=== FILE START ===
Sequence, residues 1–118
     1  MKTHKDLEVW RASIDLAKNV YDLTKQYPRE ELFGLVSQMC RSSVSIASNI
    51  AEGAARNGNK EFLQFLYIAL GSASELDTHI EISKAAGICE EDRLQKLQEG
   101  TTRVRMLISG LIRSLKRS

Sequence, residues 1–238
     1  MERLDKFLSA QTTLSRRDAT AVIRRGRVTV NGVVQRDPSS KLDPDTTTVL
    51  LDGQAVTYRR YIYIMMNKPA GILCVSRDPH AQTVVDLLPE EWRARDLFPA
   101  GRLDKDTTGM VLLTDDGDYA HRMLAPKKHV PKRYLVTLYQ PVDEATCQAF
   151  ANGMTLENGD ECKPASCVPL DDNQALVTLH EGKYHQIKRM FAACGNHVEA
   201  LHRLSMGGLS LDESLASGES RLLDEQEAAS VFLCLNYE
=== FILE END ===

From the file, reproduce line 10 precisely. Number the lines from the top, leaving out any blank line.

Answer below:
   201  LHRLSMGGLS LDESLASGES RLLDEQEAAS VFLCLNYE